Understanding the Zimbabwean permit case
Hundreds of thousands of Zimbabweans living in South Africa may find themselves undocumented on 1 January 2023. The Helen Suzman Foundation is trying to stop this.
The Helen Suzman Foundation is taking the Minister of Home Affairs to court to set aside government’s decision to terminate the Zimbabwean Exemption Permit (ZEP) at the end of the year.
About 178,000 ZEP holders will find themselves undocumented. As will thousands of children who have been born in South Africa to ZEP holders.
The foundation says the decision was taken without fair process and for political expediency.
The Minister has four weeks to file an opposing affidavit.
The Helen Suzman Foundation (HSF) is taking the Minister of Home Affairs to court, seeking to set aside what it describes as a “hasty, untransparent and ill-considered” decision not to renew, beyond December of this year, the Zimbabwean Exemption Permit (ZEP).
About 178,000 Zimbabwean nationals live, study and work legally in South Africa with the ZEP. The permit was first introduced 13 years ago to regularise the status of the many Zimbabweans living in the country.
The HSF says in its application, filed in the Pretoria High Court, that the ZEP was introduced in recognition of the dire situation in Zimbabwe and to alleviate pressure on the Department of Home Affairs in processing applications for asylum.
But now, they face becoming “undocumented” at the end of this year.
HSF executive director Nicole Fritz says in her affidavit that this will expose Zimbabwean immigrants to dangers of xenophobic attacks, extortion, detention and deportation.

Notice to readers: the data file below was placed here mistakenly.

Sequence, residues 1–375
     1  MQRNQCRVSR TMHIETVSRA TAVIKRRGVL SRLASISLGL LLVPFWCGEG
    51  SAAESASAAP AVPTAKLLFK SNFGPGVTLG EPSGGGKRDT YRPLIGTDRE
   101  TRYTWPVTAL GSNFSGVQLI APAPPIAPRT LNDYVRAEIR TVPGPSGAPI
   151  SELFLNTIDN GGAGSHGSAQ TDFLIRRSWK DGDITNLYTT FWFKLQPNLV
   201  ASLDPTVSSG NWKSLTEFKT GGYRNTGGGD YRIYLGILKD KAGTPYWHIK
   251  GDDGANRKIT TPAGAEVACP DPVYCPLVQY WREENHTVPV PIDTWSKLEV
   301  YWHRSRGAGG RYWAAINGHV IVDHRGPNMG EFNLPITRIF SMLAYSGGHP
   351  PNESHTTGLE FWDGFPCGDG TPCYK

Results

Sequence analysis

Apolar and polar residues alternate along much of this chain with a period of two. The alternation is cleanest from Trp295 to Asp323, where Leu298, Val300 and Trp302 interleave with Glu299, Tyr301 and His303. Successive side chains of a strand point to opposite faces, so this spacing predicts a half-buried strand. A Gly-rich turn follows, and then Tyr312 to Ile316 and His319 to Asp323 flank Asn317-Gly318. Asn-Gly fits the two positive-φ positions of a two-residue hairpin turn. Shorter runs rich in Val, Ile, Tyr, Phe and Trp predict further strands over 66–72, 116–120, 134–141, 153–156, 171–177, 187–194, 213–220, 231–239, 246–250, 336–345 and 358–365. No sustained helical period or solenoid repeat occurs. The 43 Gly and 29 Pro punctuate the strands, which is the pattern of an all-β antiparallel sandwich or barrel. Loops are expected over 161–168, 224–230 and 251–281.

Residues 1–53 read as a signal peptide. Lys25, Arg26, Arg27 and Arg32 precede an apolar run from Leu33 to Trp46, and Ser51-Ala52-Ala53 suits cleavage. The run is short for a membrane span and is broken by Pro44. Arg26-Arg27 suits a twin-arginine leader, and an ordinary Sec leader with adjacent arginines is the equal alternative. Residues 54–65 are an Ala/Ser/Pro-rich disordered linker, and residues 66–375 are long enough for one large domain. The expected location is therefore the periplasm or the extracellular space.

They will lose their jobs, businesses and homes. They will lose access to banking services. Their children could be denied access to schooling, medical care and social services and they will be forced to return to Zimbabwe.
“They will be put to a desperate choice: to remain in South Africa as undocumented migrants with all the vulnerability that attaches to such status or return to a Zimbabwe that, to all intents and purposes, is unchanged from the country they fled.
“There are thousands of children who have been born in South Africa to ZEP holders during this time who have never even visited their parents’ country of origin,” Fritz said.
The HSF wants a judge to rule that the minister’s decision, announced in January this year, to terminate the ZEP is unlawful, unconstitutional and invalid, and that it be reviewed and remitted back to the minister for reconsideration “using a fair process” involving meaningful engagement with those affected and civil society.
“We do not contend that the minister is obliged to extend exemptions in perpetuity, nor do we argue that permit holders may never have their permits withdrawn. This case concerns the manner in which the minister reached his decision,” Fritz says.
“It should have been taken following a fair process, for good reason and with a meaningful opportunity for permit holders to regularise their status.
“A decision of this consequence, impacting more than 178,000 people, required proper information on who would be affected, including children, and a careful assessment of the current conditions in Zimbabwe,” Fritz said.
She said the minister’s “silence on the impact” coupled with an absence of any meaningful justification, threatened to reinforce and entrench xenophobic attitudes towards the permit holders.
“It suggests their lives and rights are of lesser concern and may be disregarded entirely in pursuit of political expediency.
“This unavoidable impression is reinforced by the minister’s press statement in which he claimed to have received overwhelming support of the decision by South African citizens expressed in messages widely circulated on social media.
“A brief search of these posts turns up countless messages expressing xenophobic attitudes, crude stereotypes and hate speech,” Fritz said.
She said economic and political conditions in Zimbabwe had not materially changed.